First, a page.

5 delicious Mediterranean dishes
12 May 2016

On holiday in Croatia? Except doing beach related activities, most people like to eat some fine food. Our whole coast can boast an impressive cuisine, and here we give to you some of the original food eaten for centuries in Dalmatia, Istria and so on…


Istra Soup

Translated as Soup from Istria, this soup is not for the faint hearted nor those unaccustomed to alcohol. What, alcohol? Yes, you heard us well, this soup actually boasts a small percentage of wine!


Istarska supa

Supa has been always regarded as one of the most recognizable elements of Istrian table. First, you cut off a piece of homemade bread, 1 cm thick, roast it on the grill (grill), put it into a special bowl called bukalet, add sugar and pepper and pour oil onto it.

Pour warmed wine to this mixture and stir.  Dip baked bread halfway into wine and it can be served. It is usually drunk on cold winter nights next to the open hearths, which are still common enough in Istria. Istrian soup (often called supica) is easily prepared for an energy drink which was given to the sick for a faster recovery.



A Dalmatian original, that special dish people of the old times made for celebrations like weddings, carnivals and so on. Thus, to every Dalmatian, this dish represents something almost luxurious, opulent and deeply meaningful. The long preparation only serves to add to its mystique and importance.



Quotes from Wikipedia:

“It requires long and meticulous preparation, which includes marinating the beef in vinegar, lemon and rosemary for at least 24 hours. The marinated beef is then cooked with carrots, cloves, nutmeg, red wine and diced prosciutto for two hours, depending on the amount of meat”… “It is usually served with gnocchi or wide noodles. It is similar to daube provençale, although it is not clear whether they share a common origin”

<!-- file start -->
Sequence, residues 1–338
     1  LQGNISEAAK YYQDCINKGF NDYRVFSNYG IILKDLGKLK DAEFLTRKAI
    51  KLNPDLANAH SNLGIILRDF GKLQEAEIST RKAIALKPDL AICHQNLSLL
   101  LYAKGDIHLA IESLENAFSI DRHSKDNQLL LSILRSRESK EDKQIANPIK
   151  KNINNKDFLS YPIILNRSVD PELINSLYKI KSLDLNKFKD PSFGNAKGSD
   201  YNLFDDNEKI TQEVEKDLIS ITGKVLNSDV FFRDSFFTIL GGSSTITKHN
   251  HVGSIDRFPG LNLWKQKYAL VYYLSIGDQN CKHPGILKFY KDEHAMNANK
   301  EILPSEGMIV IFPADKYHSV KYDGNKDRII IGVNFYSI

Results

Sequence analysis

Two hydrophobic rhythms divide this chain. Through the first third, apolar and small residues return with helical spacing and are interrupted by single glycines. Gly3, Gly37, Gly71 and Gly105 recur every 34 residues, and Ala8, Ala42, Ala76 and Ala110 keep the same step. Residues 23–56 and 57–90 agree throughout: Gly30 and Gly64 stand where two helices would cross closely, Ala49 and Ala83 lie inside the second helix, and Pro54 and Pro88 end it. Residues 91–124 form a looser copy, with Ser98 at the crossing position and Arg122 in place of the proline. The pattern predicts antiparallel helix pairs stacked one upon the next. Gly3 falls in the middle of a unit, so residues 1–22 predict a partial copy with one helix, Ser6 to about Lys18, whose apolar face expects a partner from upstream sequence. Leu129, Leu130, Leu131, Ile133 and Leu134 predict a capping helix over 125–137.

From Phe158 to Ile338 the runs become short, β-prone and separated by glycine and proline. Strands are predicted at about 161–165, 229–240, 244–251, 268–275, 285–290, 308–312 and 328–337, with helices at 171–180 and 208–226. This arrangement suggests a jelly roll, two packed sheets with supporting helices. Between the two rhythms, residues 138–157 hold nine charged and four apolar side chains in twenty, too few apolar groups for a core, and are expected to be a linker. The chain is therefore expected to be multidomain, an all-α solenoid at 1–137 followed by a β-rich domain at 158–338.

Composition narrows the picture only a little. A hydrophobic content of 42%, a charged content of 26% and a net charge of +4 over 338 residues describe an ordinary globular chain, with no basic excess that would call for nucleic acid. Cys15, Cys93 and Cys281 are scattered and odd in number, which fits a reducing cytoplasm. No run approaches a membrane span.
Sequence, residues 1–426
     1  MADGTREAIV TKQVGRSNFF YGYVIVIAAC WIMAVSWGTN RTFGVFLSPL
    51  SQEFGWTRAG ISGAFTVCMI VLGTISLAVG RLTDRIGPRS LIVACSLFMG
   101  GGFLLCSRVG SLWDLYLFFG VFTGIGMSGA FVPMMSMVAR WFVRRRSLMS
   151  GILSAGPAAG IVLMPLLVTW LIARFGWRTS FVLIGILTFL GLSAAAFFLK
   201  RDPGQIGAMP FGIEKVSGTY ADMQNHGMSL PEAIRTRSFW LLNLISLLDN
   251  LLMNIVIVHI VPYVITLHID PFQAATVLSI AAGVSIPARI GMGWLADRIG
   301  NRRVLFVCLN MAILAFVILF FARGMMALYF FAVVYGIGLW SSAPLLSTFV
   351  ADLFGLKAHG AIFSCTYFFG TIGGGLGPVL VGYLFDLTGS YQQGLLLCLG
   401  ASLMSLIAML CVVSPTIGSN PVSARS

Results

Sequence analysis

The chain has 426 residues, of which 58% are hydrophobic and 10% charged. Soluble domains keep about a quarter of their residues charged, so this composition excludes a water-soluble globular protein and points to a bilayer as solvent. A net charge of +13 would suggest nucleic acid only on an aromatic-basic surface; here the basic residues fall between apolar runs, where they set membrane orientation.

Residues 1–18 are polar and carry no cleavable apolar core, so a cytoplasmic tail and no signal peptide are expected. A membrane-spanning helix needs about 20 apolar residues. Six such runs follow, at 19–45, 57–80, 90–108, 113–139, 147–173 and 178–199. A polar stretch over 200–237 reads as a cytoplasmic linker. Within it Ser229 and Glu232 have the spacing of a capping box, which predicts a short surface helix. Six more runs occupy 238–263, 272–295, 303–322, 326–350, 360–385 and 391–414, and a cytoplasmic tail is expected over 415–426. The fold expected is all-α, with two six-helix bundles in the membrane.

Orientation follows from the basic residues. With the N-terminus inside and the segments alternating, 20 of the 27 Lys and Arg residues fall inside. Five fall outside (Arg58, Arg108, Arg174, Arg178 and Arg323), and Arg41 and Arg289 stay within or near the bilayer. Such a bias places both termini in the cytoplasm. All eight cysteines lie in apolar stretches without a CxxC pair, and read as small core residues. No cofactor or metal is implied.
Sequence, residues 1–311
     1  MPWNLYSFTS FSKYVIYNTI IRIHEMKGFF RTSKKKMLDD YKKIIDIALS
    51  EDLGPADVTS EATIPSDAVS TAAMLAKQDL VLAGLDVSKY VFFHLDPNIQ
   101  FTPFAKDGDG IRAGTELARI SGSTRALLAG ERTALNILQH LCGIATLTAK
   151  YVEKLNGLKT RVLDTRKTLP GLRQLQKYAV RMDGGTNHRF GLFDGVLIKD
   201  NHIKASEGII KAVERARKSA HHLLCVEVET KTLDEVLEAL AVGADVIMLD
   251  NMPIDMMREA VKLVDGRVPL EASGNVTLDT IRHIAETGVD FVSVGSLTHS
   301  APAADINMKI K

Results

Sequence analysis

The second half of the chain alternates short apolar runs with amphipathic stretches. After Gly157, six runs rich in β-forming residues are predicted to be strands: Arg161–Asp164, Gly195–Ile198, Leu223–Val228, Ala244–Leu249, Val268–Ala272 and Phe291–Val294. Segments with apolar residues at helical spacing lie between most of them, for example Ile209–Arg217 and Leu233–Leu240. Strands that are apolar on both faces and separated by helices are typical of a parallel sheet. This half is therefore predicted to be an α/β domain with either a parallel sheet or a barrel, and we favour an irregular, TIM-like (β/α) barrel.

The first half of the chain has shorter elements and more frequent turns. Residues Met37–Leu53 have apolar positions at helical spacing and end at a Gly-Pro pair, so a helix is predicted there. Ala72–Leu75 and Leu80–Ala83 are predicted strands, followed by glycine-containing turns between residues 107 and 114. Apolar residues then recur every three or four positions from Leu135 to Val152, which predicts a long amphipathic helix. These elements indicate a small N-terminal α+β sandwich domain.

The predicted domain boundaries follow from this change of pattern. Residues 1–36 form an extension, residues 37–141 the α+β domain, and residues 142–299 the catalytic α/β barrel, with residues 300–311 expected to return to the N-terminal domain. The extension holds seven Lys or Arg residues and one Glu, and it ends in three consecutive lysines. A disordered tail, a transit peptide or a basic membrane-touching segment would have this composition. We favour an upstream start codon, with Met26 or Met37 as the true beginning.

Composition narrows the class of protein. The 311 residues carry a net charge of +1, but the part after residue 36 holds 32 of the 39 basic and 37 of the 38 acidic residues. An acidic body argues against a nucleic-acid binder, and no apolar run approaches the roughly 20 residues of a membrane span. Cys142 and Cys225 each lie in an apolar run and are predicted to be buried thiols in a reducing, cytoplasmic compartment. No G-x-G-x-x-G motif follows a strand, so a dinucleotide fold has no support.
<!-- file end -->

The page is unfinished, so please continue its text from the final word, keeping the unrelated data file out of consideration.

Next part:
Like fish? Then brudet will be akin to paradise for you palate! Perhaps the best representation of the immense diversity of maritime food, it is a very imaginative dish that combines more than 7 sorts of fish, all perfectly balanced to give that “extra kick” for the taste buds, not normally found in standard fish dishes.



Recipies vary, and the combination of fish varies. A quote from Wikipeda:

“Brudet / brodeto is a fish stew made in Dalmatia, Primorje and Istria. It consists of several types of fish, and the most important aspect of brodeto is its simplicity of preparation and the fact that it is usually prepared in a single pot. It is served with polenta which soaks up the fish broth. A similar dish from Corfu is known as Bourdeto.”



This is a very, very old dish, dating more than 500 years back. It is typical of the Dalmatian region of Poljice. While low in calorie, it is extremely tasty and nutritious, being made out of the perpetual health food favorite, spinach. Try the food that would make Popay proud and you one happy and well fed customer!



Taken from http://recipes.sparkpeople.com

Saute one 10 oz bag of spinach, 1 cup chopped onion and 1 clove garlic in 3 Tbsp. olive oil until spinach is soft. Unroll one 9″ pie crust on a cookie sheet. Spread spinach mixture on to pie crust, covering the crust. Sprinkle spinach mixture with feta cheese and cover with the second pie crust. Seal the edges with a fork and brush the top with egg white. Bake at 350 Degrees for 30 minute, or until browned.


dolce garbo

While the previous recipes were more or less jumping from the wider Dalmatia to Istria, “Dolce garbo” is a true classic from Split, the hidden gem of our own local cuisine not as well known but still interesting and tasty. As it can be deduced from the name, it is of Italian origin, and it has an unique sweet-sour taste.


dolce garbo

Ingredients: 1 kg veal liver, 2 onions, 1 garlic, half-strings parsley, 1 sweet apple, 1 cup vinegar, 1 tablespoon plum marmalade, 1 tablespoon sugar, 2 cups thick tomato juice, salt, pinch of thyme, 1 / 2 cup olive oil


In a thick bottom pot, place onion and finely threaded oil when quite tender, add the chopped onion and  small pieces of liver. Put the pot on fire, stir and stop only when the liver crackles. Now add salt and little water. Continue to cook slowly while stirring it. When all liquid has evaporated, pour some red wine vinegar into the pot, then wait for the alcohol to evaporate.
Now add the tomato and add a mix of fresh apples, sugar and spoon marmalade.
Stir and let cook for 20 minutes.
Add spices as you prefer: garlic, parsley, pepper and thyme.
Continue to cook over low heat for about half an hour.
Serve with polenta, gnocchi, or hand-made lasagna!

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